Remember when most of us wanted to work from home?
And now, thanks to the pandemic, most of us are working from home. I think many are finding that it’s not what they expected.
When I was a new entrepreneur a few years ago, there were days I realized I’d done nothing but stare at my computer screen, coding for eight straight hours or more.
There were times I realized I hadn’t spoken out loud all day until my husband came home from work.
There were times I realized that I hadn’t left the house in days.
There were times I realized that I hadn’t heard any news from the outside world since I couldn’t remember when.
There were times I realized I hadn’t seen any of my friends in weeks.
There were even times I realized I hadn’t eaten all day, and if I did, it was just a bowl of microwaved cheddar cheese.
None of this is good. None of this is how a human being was meant to live. I needed to find new ways to stay sane and feel like a human being again.
It took me a while for some reason, but I finally realized that the way I was working was not conducive to happiness, health, or a sense of mental or emotional well-being. My priorities had to change if I wanted to not only stay sane but enjoy working from home. So I changed them.
Work is important, sure, especially when you’re your own boss and you’re doing the work of several people. But I finally remembered that I’m important too, and that I should be on the priority list along with everything and everybody else! Sleep is important. Eating is important. Socializing is important. Enjoying the life that I’m creating is important!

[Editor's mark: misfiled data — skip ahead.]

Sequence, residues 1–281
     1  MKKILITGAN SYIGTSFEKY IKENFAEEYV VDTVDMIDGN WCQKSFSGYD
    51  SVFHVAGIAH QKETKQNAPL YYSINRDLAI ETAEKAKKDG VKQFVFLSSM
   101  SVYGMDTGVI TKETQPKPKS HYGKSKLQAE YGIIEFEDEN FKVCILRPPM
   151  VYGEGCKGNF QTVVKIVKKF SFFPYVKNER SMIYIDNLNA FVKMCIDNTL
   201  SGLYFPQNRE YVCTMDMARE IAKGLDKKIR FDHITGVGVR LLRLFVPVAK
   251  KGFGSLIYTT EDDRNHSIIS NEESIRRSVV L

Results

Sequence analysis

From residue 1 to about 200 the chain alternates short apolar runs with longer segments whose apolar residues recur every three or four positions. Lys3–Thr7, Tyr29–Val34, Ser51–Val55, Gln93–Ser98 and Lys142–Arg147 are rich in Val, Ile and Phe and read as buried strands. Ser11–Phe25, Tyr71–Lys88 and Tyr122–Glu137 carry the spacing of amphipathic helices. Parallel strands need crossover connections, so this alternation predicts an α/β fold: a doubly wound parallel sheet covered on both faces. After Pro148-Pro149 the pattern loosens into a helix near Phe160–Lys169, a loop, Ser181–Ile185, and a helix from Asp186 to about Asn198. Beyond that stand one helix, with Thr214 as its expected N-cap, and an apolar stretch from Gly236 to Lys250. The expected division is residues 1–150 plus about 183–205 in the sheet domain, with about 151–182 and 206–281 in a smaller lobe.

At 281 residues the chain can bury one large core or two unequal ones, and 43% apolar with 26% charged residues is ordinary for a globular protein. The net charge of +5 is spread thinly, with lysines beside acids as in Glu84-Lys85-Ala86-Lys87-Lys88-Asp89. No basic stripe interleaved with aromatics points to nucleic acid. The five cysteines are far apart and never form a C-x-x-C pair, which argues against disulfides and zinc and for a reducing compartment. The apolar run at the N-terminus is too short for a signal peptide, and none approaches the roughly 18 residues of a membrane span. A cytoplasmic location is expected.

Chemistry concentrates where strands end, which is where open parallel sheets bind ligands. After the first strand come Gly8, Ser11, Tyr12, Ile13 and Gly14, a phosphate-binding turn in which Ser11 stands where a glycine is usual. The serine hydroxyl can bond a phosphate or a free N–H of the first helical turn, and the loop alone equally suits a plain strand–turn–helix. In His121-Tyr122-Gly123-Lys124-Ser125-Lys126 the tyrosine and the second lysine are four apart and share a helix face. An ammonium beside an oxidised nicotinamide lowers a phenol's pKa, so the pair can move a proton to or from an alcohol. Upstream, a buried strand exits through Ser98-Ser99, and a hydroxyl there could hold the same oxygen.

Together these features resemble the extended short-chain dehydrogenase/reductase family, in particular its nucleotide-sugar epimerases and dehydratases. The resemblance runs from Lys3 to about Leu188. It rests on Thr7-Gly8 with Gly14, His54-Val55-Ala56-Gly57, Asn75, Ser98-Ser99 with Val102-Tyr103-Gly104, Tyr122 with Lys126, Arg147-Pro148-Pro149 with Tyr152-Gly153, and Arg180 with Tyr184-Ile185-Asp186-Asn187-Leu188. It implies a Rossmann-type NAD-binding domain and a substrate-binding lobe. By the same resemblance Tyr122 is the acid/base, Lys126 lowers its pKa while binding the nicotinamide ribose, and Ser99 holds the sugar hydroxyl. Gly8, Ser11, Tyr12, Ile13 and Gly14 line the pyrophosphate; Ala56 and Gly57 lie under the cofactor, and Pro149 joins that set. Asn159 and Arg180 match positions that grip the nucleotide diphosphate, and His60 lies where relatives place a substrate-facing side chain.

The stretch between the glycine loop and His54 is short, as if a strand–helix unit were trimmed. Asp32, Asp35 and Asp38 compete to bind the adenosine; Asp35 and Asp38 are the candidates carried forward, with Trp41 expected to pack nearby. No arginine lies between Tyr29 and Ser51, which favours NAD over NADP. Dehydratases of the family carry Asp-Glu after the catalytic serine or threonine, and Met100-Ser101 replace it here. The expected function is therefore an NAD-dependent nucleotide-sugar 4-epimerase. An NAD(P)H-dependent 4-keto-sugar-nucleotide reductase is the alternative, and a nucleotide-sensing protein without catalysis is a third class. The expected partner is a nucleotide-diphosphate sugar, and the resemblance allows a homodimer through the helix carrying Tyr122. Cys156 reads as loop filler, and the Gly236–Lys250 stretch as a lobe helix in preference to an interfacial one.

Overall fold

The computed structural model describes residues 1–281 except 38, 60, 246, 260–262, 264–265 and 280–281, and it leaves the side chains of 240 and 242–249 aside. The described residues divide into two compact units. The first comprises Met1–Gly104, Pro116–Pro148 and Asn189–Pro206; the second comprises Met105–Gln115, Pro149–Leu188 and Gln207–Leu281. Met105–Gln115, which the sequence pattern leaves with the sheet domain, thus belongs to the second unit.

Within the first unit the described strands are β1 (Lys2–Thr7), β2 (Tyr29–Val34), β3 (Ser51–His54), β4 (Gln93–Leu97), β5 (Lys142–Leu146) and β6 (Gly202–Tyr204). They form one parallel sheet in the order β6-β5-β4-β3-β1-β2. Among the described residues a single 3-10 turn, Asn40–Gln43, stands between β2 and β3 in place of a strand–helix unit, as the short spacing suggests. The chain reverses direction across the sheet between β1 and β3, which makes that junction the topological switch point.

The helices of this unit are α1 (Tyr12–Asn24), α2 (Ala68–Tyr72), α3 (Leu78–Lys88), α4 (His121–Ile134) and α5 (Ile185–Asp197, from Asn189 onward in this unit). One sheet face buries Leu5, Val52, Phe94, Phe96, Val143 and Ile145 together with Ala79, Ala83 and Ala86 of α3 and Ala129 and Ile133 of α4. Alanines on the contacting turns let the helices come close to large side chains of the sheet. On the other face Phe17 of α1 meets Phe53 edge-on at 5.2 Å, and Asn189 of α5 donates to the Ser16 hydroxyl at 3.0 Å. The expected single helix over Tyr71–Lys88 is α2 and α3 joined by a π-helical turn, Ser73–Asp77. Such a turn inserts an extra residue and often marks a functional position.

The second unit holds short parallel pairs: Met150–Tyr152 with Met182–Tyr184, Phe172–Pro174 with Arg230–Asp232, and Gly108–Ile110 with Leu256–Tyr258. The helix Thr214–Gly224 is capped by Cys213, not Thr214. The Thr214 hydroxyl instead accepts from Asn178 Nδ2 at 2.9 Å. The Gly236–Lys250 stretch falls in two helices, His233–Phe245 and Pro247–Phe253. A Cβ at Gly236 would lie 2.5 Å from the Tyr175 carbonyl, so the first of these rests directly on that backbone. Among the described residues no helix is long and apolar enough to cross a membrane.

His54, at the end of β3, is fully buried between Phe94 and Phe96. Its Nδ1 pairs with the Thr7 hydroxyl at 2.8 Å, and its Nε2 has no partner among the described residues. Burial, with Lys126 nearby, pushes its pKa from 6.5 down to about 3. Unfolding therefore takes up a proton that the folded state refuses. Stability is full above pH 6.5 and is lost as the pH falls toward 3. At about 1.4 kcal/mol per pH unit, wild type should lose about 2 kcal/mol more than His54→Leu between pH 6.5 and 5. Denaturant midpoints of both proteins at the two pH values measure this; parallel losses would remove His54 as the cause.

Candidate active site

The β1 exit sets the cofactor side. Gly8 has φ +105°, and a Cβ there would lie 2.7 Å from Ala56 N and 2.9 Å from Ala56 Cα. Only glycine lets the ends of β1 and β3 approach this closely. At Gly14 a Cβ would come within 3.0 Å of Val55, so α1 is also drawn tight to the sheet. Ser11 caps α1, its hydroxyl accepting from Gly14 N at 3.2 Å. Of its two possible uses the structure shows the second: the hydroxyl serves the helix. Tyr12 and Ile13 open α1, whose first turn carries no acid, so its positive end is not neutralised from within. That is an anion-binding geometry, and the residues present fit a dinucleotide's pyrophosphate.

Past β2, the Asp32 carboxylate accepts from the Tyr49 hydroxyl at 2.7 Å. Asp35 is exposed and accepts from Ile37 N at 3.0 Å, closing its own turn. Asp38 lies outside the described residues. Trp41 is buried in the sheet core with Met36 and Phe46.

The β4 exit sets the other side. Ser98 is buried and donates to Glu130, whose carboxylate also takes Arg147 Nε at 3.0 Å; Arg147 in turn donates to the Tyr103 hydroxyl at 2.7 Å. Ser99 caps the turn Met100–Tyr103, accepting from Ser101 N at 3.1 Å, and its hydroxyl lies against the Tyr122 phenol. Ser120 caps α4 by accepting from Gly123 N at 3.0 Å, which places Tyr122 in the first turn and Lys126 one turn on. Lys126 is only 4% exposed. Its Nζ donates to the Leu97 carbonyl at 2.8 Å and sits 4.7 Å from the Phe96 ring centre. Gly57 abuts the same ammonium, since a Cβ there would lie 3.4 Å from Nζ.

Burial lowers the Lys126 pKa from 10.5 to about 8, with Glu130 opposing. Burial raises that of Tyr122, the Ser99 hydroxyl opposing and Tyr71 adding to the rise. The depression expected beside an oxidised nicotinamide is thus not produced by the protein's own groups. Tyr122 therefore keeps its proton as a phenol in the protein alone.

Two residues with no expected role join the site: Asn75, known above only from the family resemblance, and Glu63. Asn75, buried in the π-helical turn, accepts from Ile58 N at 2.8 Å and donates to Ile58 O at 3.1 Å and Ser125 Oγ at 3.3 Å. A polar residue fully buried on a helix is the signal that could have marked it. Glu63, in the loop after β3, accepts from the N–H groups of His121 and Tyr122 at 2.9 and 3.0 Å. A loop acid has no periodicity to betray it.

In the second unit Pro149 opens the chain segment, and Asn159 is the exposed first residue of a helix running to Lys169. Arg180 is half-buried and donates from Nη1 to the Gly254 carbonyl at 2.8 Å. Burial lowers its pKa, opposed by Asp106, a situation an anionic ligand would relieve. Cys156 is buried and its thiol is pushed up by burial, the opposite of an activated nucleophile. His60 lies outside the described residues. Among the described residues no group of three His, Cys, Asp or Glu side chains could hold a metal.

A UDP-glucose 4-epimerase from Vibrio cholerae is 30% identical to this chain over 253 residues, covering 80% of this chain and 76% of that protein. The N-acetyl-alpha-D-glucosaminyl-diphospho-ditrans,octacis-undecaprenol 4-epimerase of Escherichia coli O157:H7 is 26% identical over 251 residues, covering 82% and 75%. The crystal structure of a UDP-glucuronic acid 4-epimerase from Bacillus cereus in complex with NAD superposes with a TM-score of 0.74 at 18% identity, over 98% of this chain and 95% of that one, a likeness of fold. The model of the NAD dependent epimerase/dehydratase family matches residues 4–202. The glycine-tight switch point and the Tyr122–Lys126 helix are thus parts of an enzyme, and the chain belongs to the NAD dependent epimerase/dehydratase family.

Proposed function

So here’s what I’ve changed so far, to start creating work/life balance. I’m happier, healthier, and I feel more rested and peaceful because of these changes.
I Schedule Online Social Time
Every week, I make a few online coffee or lunch dates with friends, and family using ZOOM. Every Wednesday I have a repeating scheduled online happy hour with my sisters and daughter. I FaceTime with distant friends and family. I text with friends or family members that I don’t see very often.
These work for me because it’s the interaction and connection that’s important. I find a pleasant space to hang out, nowhere near my workspace, so I can fully focus and enjoy these visits.
Whatever type of socialization works for you online, do it!
I Have a Schedule
There was a time when I preferred to code for hours without any breaks, but that was not helpful in the long run.
One time, I started at 10 PM and the next time I looked up from my screen it was 6 AM. I had no idea. When I was new to working from home, I didn’t want to have “a schedule”. I really felt that the beauty of working from a home office was that I could work “whenever” I wanted. And often I wanted to work very late at night.
It didn’t take long for this new found “freedom” to negatively impact my sleep cycle. Having the freedom to work “whenever”, wasn’t working for me at all. I wasn’t tired at night when I should be sleeping, and I was tired all day when I was also working and taking care of other responsibilities.
So I decided to have more structure in my days and nights. In order to keep that feeling of freedom I now use a loosely defined schedule, an outline if you will, beginning between 7 and 8 AM and ending between 4 and 5 PM. But it works for me. I work only half a day on Friday and I don’t work most weekends.
Making myself stick with this structure has fixed my sleep cycle and given back a sense of control over my life. It impacts how I plan my days. I can work more, or less, depending on what I need to get done.
I Take Breaks
Even with a daily work-outline, I still have a tendency to get immersed in my work, sometimes to the exclusion of everything else.